Role of Confinement in Localized Corrosion

Tuesday, October 13, 2015: 11:40
102-A (Phoenix Convention Center)
R. Puranik (University of Rochester) and D. J. Quesnel (University of Rochester)
    In context of localized corrosion, the dissolution of metallic species into a bulk electrolyte solution will produce negligible changes in the concentration of a bulk solution (Refer Fig. 1a).  However, if the immediate environment is confined and has limited electrolyte with respect to the metal surface area - as would be the case for a crevice, environmentally assisted cracking, or a deep pit - the limited amount of dissolved species produced as a result of anodic dissolution would be adequate to change the chemical composition (i.e. concentration) of the confined solution as shown in Fig. 1a.  Should the change in chemical environment be adequately adverse, these primary reaction products will lead to secondary reactions within the confined space, thus accelerating corrosion damage.  This research explores the quantitative effect of confinement on chemical reactivity of metals susceptible to pitting and stress corrosion cracking (SCC).

    To investigate the effects of confinement, a simulated crevice was created by maintaining a tight spacing between the polished surface of  a flat pH probe and the metal test specimen, as shown in Fig. 1b.  The pH probe and the solution are held against the sample by an inert polyethylene fixture.  Sensitized AA5083 was chosen as the test material because of its susceptibility to SCC as a result of intergranular precipitates of Al2Mg3 known as β-phase.  The electrolyte was pH neutral 0.1 M sodium chloride solution.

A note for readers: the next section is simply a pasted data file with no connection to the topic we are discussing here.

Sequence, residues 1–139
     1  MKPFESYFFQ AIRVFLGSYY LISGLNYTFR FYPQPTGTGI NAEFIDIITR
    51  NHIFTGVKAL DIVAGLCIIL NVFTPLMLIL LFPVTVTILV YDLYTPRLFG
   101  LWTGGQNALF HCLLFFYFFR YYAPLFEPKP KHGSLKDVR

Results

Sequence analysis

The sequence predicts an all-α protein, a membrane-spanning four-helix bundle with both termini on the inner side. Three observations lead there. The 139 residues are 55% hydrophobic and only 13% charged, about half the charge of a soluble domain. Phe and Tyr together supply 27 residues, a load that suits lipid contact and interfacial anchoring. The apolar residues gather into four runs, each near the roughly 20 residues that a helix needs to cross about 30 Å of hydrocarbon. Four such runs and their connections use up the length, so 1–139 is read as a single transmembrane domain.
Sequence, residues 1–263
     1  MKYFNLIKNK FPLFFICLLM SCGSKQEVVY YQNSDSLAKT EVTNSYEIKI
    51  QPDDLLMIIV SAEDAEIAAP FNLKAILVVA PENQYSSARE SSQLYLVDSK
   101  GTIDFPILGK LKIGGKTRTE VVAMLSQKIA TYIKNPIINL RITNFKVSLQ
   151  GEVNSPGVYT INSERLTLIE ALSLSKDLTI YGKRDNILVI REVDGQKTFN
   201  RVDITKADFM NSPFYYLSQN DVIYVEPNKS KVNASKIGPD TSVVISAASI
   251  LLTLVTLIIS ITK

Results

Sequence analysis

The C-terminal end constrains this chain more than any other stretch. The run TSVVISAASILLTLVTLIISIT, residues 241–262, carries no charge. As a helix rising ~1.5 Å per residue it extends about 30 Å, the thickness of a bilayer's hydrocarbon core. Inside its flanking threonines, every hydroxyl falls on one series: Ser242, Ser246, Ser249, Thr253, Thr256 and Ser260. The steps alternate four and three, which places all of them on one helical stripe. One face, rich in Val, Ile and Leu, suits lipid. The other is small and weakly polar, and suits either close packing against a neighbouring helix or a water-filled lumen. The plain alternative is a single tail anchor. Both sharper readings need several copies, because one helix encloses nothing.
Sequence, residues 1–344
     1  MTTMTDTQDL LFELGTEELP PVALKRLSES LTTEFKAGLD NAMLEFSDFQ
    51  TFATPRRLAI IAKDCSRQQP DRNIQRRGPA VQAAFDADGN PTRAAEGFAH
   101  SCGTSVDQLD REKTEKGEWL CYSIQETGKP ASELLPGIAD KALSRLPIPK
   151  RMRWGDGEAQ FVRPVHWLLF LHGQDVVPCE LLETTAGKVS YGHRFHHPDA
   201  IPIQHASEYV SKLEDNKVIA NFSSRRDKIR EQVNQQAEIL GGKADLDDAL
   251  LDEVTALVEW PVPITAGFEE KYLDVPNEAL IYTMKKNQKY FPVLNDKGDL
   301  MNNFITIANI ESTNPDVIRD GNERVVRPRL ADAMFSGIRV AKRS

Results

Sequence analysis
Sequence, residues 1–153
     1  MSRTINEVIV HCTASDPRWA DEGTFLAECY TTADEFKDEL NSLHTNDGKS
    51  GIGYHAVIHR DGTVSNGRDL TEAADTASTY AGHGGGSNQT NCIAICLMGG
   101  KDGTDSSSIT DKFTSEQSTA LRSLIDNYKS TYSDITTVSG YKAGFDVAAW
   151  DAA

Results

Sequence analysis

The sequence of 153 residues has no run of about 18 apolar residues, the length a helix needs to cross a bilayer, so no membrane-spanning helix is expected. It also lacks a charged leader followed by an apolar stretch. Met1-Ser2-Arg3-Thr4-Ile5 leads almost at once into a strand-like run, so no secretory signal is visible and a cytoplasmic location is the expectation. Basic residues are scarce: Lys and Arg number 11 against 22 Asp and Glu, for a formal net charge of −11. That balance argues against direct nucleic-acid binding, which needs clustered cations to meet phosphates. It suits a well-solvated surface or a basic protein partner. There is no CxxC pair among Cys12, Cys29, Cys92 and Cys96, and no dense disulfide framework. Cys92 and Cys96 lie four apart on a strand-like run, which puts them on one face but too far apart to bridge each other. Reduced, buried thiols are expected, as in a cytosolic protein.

Exposing AA5083 to neutral-pH NaCl solution under confinement in free corrosion conditions triggered a spontaneous localized alkaline corrosion, which resulted in a gradual evolution of the pH from 6.9 to roughly 9. At this higher pH value, the passivation film was damaged and hydrogen evolution that promotes the increase in pH was observed as the counter-reaction to aluminum oxidation.  This research presents the effect of different ratios of metal surface area to electrolyte volume on the reaction kinetics, as characterized by the evolution of the solution pH with time. Surface area to volume ratios ranged from 4 cm2/ml to 100 cm2/ml.  The results are supported with microscopic analysis and EIS studies.